Relationship between health status, fluid intelligence and disability in a non demented elderly population

Luigi Ferrucci, J. M. Guralnik, N. Marchionni, S. Costanzo, M. Lamponi, A. Baroni

Research output: Contribution to journalArticlepeer-review

17 Scopus citations


This study examines the impact of overall health status and common chronic medical conditions on cognitive performance in an older population and the effect of poor cognitive performance on functional disability. The study population consisted of 485 subjects who were 77 and 78 years old, and residing in district No. 6 of the city of Florence; all participants underwent a structured interview to collect information on demographics, education, physical health, disability, and cognitive status. Data from 94 subjects, who were previouslydiagnosed as affected by dementia or other conditions known to be direct causes of cognitive impairment, and from 6 subjects, who scored less than 20 in the Mini-Mental State Examination, were excluded from the analysis. The number of chronic conditions, drugs used, contacts with the physician, days in bed, and days of hospitalization in the last 6 months were considered as indicators of physical health. Functional disability was assessed evaluating both ADLs and IADLs. The Mini-Mental State and the “Blocks” test, a component of the Wechsler Adult Intelligence Scale Revised, were used for the assessment of cognitive status. After adjusting for the level of formal education, physical health status and several specific chronic conditions were predictors of cognitive performance. A significant association was found between a low “Blocks” test score and a decreased level of functional status. In a multivariate model, better performance on the “Blocks” test was associated with a higher score in the disability scale. This association was independent of the effect of education. The results suggest that in the elderly, poor health status is associated with a cognitive impairment that can be measured by the “Blocks” test. However, the role of this association in the pathway from disease to disability remains unclear. (Aging Clin. Exp. Res. 5: 435–443, 1993)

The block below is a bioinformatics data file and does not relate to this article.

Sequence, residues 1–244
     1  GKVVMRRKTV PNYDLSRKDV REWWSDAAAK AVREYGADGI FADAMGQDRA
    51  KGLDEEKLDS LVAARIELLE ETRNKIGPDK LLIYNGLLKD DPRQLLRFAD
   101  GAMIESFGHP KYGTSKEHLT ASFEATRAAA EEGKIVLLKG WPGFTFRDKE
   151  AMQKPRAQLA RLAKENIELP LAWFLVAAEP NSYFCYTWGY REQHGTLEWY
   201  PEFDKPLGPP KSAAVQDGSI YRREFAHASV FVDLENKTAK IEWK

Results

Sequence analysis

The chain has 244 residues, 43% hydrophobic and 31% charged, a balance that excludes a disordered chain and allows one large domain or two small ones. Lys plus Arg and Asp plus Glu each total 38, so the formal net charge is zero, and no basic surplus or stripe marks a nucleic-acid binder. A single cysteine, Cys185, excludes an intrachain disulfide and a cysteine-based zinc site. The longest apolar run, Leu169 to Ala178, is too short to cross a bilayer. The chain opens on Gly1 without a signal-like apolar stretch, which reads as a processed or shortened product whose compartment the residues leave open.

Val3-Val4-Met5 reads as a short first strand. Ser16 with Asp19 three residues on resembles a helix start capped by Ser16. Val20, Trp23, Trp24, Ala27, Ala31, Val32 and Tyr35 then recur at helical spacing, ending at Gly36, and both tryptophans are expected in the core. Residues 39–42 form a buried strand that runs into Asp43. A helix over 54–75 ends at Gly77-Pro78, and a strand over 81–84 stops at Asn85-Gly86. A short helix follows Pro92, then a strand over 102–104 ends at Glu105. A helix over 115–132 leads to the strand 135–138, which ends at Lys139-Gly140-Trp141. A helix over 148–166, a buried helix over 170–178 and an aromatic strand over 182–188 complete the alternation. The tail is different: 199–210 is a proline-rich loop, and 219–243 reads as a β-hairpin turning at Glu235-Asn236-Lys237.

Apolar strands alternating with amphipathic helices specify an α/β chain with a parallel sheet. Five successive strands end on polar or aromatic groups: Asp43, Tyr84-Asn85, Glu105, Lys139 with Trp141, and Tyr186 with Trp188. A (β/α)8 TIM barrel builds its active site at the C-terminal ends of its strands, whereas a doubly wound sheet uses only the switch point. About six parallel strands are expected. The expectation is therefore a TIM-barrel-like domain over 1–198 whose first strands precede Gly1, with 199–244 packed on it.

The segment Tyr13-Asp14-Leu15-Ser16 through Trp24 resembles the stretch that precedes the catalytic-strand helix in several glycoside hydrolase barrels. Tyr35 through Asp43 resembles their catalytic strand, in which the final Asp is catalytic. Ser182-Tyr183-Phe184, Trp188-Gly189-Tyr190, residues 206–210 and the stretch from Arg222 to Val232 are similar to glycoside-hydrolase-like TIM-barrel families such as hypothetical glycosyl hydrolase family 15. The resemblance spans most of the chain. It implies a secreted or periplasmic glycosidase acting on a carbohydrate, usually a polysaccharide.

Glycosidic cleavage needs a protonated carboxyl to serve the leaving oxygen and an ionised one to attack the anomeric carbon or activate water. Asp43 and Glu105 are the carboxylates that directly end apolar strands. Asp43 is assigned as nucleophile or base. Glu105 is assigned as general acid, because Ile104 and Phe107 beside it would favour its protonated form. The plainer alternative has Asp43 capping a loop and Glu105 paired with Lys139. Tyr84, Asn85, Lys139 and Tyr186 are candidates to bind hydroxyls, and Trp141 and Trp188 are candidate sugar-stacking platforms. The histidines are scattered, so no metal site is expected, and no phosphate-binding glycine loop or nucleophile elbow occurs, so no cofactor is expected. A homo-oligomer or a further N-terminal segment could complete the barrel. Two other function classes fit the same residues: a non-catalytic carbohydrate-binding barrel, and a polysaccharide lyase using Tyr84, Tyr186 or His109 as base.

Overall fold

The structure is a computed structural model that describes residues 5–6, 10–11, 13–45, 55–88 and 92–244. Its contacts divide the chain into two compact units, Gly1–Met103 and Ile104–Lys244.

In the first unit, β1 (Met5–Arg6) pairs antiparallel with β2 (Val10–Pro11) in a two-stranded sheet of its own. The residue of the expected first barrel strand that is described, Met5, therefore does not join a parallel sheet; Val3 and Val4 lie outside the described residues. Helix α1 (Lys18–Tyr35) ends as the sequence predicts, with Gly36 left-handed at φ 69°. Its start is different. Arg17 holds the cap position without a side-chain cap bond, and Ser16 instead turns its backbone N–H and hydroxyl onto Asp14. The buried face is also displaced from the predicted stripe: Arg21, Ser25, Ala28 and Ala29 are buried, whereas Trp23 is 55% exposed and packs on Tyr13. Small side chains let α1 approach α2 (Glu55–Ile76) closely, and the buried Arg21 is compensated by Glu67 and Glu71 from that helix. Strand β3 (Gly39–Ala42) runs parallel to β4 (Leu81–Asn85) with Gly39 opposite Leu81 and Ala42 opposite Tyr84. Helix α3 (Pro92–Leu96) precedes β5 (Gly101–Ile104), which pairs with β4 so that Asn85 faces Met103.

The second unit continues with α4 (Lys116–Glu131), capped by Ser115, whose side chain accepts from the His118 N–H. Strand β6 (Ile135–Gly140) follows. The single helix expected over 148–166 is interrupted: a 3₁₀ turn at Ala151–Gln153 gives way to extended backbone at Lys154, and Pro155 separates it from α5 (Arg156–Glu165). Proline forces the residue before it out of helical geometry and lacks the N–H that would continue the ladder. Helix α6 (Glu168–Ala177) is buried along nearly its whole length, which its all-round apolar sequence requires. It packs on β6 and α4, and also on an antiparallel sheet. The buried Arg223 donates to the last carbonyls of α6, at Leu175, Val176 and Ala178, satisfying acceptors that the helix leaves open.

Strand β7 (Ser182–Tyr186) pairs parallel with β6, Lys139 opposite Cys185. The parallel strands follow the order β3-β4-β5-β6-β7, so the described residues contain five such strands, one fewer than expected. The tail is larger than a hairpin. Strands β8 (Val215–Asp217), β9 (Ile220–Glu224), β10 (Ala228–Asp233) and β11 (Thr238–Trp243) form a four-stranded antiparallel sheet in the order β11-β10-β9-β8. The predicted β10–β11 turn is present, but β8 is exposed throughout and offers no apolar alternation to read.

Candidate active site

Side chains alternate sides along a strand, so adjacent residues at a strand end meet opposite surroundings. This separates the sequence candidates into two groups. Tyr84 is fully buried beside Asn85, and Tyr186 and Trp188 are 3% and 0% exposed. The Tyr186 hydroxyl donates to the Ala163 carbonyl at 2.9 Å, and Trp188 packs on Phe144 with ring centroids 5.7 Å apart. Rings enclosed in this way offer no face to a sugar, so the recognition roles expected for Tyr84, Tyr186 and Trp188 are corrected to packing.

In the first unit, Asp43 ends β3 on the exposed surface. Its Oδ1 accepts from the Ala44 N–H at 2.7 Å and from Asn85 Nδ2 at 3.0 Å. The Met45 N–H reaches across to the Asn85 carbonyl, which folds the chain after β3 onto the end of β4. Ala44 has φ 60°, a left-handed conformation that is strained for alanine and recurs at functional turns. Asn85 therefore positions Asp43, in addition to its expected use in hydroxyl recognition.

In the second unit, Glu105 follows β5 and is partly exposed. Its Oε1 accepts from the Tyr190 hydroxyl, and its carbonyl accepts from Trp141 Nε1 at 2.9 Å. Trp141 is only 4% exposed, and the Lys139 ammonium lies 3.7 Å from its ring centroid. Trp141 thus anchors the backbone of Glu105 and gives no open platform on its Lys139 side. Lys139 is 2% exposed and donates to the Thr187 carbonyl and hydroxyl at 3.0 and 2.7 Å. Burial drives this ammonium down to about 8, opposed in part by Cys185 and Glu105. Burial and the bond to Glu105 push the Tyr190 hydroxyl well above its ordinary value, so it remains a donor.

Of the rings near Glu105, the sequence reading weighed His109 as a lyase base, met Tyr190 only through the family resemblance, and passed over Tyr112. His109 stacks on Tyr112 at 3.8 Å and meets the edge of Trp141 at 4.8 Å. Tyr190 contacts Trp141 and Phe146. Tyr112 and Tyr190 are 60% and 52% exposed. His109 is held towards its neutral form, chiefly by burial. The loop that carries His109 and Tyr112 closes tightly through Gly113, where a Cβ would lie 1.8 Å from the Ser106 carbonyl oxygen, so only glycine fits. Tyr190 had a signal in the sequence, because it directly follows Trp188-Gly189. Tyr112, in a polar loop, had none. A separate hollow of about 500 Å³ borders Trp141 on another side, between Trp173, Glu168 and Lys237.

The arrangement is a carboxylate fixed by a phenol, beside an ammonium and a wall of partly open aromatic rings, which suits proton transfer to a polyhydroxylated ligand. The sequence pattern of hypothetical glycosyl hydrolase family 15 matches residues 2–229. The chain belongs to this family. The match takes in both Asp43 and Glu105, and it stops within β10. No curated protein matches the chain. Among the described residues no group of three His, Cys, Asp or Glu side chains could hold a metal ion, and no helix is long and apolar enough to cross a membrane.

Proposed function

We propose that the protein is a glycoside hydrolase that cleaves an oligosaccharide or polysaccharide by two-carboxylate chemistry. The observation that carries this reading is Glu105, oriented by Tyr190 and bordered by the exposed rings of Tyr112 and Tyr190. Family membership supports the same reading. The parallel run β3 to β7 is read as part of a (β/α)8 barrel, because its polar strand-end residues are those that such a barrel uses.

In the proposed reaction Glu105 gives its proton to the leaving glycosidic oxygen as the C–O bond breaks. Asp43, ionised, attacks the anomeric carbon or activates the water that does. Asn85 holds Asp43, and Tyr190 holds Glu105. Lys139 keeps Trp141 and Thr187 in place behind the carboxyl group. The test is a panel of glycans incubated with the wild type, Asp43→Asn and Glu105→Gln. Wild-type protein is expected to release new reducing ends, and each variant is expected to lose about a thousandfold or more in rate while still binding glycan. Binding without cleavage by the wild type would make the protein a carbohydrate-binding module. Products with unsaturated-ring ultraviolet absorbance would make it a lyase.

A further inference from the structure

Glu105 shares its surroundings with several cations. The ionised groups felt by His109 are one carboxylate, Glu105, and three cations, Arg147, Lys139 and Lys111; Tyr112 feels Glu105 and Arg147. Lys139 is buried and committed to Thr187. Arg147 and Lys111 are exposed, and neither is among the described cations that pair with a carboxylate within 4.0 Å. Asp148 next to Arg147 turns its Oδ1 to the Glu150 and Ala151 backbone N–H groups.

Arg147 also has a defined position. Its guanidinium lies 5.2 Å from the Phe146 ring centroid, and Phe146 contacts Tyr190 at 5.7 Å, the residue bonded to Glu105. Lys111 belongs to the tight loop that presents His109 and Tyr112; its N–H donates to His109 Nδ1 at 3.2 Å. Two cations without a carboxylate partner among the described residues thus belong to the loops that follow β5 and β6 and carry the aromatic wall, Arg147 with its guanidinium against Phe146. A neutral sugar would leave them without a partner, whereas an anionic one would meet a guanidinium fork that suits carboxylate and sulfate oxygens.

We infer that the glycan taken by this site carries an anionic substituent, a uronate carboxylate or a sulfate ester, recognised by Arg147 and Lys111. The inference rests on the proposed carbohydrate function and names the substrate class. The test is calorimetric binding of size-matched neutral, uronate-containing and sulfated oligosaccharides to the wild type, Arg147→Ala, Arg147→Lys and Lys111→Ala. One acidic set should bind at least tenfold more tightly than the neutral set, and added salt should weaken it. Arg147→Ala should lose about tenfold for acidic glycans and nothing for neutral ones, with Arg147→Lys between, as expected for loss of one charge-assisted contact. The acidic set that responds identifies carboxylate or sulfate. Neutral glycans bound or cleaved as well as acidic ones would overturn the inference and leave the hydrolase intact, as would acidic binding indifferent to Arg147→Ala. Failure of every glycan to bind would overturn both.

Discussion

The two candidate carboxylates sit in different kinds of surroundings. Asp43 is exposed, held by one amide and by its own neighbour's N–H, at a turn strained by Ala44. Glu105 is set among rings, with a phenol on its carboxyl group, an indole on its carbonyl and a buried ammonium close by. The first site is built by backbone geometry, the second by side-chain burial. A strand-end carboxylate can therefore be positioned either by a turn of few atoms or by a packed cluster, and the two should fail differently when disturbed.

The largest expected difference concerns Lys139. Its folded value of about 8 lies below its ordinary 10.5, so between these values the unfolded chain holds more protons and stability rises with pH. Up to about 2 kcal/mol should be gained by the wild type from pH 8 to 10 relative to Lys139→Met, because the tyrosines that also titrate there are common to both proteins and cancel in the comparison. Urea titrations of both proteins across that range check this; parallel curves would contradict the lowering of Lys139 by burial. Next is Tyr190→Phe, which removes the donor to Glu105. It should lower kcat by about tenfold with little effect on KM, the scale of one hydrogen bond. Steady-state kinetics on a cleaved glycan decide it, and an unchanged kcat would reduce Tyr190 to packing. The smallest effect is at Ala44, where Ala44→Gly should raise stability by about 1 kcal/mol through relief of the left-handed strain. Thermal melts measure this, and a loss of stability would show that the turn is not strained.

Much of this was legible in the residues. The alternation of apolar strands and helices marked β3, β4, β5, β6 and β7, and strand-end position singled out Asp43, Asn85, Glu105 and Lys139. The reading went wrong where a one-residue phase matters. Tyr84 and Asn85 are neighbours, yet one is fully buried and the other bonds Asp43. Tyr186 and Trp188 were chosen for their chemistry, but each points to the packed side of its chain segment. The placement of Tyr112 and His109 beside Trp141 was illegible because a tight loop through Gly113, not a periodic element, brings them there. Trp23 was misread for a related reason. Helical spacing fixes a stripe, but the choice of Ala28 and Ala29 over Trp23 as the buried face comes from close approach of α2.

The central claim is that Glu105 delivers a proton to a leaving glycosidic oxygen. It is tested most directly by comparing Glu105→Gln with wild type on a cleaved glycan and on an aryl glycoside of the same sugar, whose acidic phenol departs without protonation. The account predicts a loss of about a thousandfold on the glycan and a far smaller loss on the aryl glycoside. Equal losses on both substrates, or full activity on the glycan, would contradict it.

Original languageEnglish (US)
Pages (from-to)435-443
Number of pages9
JournalAging clinical and experimental research
Issue number6
StatePublished - 1993
Externally publishedYes


  • Aging
  • cognitive impairment
  • disability
  • health status

ASJC Scopus subject areas

  • Aging
  • Geriatrics and Gerontology


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